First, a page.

Priest-Abuse Jury Selected
Ex-Altar Boy Molested by Clergyman Filed Negligence Suit against Diocese, Priest

By Terrie Morgan-Besecker
November 6, 2007

SCRANTON A federal judge has granted a request to hold a separate trial to determine punitive damages should a former altar boy who was molested by a priest prevail in his claim of negligence against the priest and the Diocese of Scranton.

The ruling, issued Friday by U.S. District Judge A. Richard Caputo, was one of several pre-trial matters the judge resolved regarding what evidence will be permitted at the civil trial that pits the now adult victim, identified as John Doe in court documents, against the Rev. Albert Liberatore and the diocese.

A jury of four men and four women were chosen after day-long questioning Monday. Opening statements are scheduled to begin at 9:30 a.m. today. The trial is expected to last 10 to 14 days.

Caputo also granted motions that will limit the testimony of experts for the plaintiff and the diocese. But he held off ruling on several other issues, including a dispute over whether Doe can present evidence of alleged past sexual misconduct by Liberatore and whether the diocese can present evidence regarding Doe's sexual behavior and predisposition.

Caputo said he will rule on those issues as they come up during the trial.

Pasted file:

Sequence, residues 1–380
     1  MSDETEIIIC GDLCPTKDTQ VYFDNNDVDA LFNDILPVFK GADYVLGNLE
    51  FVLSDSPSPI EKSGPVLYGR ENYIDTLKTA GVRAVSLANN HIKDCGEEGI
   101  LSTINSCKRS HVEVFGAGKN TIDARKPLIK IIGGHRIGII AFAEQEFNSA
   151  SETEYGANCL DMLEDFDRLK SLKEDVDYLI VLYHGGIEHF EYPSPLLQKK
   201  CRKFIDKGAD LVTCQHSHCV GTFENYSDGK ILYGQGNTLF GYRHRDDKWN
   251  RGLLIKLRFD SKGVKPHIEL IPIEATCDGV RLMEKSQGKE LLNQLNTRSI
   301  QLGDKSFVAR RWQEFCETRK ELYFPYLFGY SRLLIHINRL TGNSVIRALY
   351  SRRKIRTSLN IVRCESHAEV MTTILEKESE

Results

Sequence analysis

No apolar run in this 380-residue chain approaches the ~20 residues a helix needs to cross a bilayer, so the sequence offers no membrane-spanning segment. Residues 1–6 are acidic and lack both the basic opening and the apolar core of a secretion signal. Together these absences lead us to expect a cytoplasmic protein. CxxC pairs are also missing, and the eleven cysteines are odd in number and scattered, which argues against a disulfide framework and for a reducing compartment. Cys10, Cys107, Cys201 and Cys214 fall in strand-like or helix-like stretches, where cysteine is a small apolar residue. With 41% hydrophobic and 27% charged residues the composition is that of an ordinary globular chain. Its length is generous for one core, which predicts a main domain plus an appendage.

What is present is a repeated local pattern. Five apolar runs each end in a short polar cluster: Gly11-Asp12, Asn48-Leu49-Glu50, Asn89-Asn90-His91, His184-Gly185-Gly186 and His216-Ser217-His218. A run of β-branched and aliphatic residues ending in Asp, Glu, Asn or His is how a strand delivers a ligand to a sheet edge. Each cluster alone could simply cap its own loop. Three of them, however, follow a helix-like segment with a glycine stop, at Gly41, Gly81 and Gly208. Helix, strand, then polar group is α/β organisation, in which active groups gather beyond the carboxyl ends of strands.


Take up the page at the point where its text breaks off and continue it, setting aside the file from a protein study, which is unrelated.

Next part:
Doe filed suit in 2004 against Liberatore, former Bishop James Timlin and several other church officials, alleging their inaction allowed Liberatore to molest him from age 14 to 17. Liberatore pleaded guilty in Luzerne County Court in 2004 to sexually abusing the boy and was sentenced to five years probation. He has since been removed from the priesthood.

The diocese had concurred with a motion filed by Daniel Brier and Donna Walsh, Doe's attorneys, which sought to separate the trial into two phases.

In the first phase, jurors will decide whether the diocese is liable for Liberatore's actions and if officials acted with reckless disregard. If Doe prevails on both issues, the second phase would be held to determine the amount of punitive damages against all defendants.

The ruling is important for Doe because it will allow his attorneys to present evidence of the diocese's financial status information that would not have been permitted had the issue of liability and punitive damages been tried together.

Caputo also granted Brier and Walsh's motion that sought to preclude Dr. Henry Doyle, an expert for the diocese, from testifying that psychological problems Doe suffers are due to Liberatore's behavior, as well as "unrelated personal and family issues."

Joseph O'Brien, attorney for the diocese, also was successful in limiting the testimony of one of Doe's experts, Thomas Doyle.

Brier and Walsh had sought to have Thomas Doyle testify regarding several issues related to the past history of the Catholic Church in responding to allegations of sexual abuse, including allegations the church, in general, had adopted a position of "secrecy and silence" with respect to clergy sexual abuse. Caputo ruled that issue was irrelevant to the Doe trial.

Caputo also precluded Thomas Doyle from testifying about several other issues, including his opinion that church officials violated canon law by failing to report the abuse and that Timlin failed to provide any meaningful pastoral care to Doe after he became aware of the sexual abuse.



Any original material on these pages is copyright © 2004. Reproduce freely with attribution.